In case you’re interested, the code is a loop. The first part starts the loop (“for i in *.avi;”), telling the computer to look for every file with the file extension .avi. The second part tells the computer what to do with every file with that extension – convert it to a .mp4 file with the same name. The last piece indicates what to do when the loop is completed – done.

Of course, this code could also be used to convert any other file format into a different format by replacing the .avi or .mp4 file extensions in the appropriate places. For instance, to convert all the .avi files to .mkv, the code would look like this:

for i in *.avi; do ffmpeg -i "$i" "${i%.*}.mkv"; done

Or if you wanted to convert a bunch of .mp4 files into .mkv files, you could do this:

for i in *.mp4; do ffmpeg -i "$i" "${i%.*}.mkv"; done

BONUS:

If you have .avi files in a number of subfolders, you’ll want to use this script:

find . -exec ffmpeg -i {} {}.mp4 \;

To use it, navigate in a terminal to the top-level folder, then execute this command. It will search through all the subfolders, find all the files in those subfolders, and convert them all to .mp4 files.

Of course, if you have a mixture of file types in the folders, you’ll want a variation of this command that searches for just the files of a certain type. To do that, use this command:

find . -name *.avi -exec ffmpeg -i {} {}.mp4 \;

This command will find all the files with the extension .avi and convert them all to .mp4 files using ffmpeg.

And, if you’re feeling particularly adventurous, you could search for multiple file types and convert them all:

find . -name *.avi -or -name *.mkv -exec ffmpeg -i {} {}.mp4 \;

This code would find every file with the extension .avi or .mkv and convert it to .mp4 using ffmpeg.

NOTE: This command uses the default conversion settings of ffmpeg. If you want more fine-tuned conversions, you can always check the options available in converting video files using ffmpeg.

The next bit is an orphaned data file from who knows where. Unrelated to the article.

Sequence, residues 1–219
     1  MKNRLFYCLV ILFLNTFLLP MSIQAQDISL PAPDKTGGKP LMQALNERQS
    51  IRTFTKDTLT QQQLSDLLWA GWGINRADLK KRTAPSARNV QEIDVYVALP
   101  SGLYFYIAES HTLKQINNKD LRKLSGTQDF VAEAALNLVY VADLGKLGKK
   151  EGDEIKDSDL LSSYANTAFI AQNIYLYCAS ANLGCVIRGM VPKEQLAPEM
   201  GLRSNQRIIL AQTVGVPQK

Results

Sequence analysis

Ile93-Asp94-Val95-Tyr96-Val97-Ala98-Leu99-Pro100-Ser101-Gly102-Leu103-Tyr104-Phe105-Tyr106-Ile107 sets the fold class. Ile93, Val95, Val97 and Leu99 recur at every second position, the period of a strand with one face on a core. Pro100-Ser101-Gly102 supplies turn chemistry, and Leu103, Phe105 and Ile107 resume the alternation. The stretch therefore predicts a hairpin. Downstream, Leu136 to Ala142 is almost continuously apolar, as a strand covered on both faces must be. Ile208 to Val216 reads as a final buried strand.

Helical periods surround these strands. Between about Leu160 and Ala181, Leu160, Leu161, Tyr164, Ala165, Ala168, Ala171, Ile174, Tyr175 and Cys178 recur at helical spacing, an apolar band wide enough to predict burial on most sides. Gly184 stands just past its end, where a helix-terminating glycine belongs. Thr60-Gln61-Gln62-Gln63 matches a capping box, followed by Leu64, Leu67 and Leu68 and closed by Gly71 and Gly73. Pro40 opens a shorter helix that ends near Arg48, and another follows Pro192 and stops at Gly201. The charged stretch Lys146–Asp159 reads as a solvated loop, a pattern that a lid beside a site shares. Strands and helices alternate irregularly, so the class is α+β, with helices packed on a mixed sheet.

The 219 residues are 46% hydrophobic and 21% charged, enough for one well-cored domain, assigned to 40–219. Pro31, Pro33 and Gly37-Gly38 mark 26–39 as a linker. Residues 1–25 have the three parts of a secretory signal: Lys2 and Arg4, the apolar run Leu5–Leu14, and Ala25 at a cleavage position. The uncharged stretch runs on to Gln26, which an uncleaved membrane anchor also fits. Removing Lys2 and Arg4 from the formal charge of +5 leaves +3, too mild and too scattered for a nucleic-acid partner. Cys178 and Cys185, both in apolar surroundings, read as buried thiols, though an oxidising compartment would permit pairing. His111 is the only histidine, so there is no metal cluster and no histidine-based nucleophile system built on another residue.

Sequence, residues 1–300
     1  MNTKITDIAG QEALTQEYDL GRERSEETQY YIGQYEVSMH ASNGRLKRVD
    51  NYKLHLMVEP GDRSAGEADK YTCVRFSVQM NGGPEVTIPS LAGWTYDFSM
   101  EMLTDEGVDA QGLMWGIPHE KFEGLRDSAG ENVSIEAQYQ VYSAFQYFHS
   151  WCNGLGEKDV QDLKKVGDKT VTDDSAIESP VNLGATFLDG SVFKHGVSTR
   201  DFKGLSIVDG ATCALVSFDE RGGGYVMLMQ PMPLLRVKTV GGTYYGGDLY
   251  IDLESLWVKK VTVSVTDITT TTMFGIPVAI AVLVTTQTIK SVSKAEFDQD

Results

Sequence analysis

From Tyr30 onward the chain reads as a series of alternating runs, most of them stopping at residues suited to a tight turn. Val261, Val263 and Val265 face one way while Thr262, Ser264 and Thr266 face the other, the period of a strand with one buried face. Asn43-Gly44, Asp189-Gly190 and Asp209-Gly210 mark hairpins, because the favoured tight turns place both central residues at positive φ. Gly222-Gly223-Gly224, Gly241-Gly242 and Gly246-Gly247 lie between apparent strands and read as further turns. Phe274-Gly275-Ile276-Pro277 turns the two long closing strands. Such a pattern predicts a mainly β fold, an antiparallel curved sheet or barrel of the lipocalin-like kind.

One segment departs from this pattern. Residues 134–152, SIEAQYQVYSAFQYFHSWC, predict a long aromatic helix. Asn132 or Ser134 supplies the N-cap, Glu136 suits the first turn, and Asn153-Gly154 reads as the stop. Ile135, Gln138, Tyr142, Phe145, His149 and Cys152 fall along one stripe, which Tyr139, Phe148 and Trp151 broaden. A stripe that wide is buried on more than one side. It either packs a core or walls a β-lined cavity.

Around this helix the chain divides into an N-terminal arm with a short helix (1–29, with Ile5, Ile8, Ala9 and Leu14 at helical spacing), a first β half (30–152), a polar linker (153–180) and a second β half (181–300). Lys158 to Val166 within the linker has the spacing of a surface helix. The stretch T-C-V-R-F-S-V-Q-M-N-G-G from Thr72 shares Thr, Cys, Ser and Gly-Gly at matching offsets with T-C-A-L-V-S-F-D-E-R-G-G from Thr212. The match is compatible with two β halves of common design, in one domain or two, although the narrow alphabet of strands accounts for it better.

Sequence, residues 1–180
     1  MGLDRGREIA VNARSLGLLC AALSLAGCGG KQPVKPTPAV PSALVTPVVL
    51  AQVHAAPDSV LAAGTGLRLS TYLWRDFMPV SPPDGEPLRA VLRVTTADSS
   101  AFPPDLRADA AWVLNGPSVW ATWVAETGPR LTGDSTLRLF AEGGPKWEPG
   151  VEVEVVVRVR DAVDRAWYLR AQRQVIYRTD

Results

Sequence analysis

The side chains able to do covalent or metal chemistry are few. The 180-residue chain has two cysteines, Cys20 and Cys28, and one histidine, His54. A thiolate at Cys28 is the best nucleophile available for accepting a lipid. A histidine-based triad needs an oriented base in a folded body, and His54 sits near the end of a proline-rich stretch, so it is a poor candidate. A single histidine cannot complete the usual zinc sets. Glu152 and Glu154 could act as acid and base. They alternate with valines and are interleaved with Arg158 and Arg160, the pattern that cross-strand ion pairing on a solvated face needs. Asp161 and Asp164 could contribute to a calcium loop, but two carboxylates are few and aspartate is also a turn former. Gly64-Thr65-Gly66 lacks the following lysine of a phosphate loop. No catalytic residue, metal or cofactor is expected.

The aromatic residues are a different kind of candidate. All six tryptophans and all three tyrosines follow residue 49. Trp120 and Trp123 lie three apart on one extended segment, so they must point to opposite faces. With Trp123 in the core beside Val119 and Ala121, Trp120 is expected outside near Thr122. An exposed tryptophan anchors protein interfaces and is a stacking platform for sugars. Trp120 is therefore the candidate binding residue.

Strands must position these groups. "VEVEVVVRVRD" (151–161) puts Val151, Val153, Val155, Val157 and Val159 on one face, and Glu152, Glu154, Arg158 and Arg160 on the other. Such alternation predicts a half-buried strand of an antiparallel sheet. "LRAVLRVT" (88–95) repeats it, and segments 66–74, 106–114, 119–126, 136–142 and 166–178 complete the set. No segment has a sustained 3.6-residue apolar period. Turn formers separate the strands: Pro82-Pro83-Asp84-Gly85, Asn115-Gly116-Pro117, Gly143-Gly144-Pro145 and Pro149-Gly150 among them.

BONUS 2

If you want to specify the codec to use in converting the files, that is a little more complicated. For instance, if I want to use H265 instead of H264 as my codec, I could use the following code to convert all of my .avi files in a folder into .mkv files with H265 encoding:

for i in *.avi; do ffmpeg -i "$i" -c:v libx265 -crf 26 -preset fast -c:a aac -b:a 128k "${i%.*}.mkv"; done

The default setting in ffmpeg for audio is to pass it through. Thus, if you wanted to just convert the video to a new codec but leave the audio, you could use the following command:

for i in *.avi; do ffmpeg -i "$i" -c:v libx265 -crf 26 -preset fast "${i%.*}.mkv"; done

This will convert the video to H265 but retain whatever audio was included with the video file (the default is to take the audio with the highest number of channels).

Additional information on the various settings for H.265 is available here. Some quick notes: the number after “-crf” is basically an indicator of quality, but is inverted. Lower numbers improve the quality; higher numbers reduce the quality. Depending on what I’m encoding, I vary this from 24 (higher quality) to 32 (lower quality). This will affect the resulting file size. If time is not a concern, you can also change the variable after “-preset.” The options are ultrafast, superfast, veryfast, faster, fast, medium, slow, slower, and veryslow. Slower encodes will result in better quality output but it will take substantially longer to do the encode.

If you run into the problem where you are trying to do bulk conversions but the names of the videos you are converting have spaces in them, you may get the error: “find: paths must precede expression.” The solution is to put the pattern in single quotes, like this:

find . -name '*.mkv' -exec ffmpeg -i {} -c:v libx265 -crf 26 -preset fast {}-new.mkv \;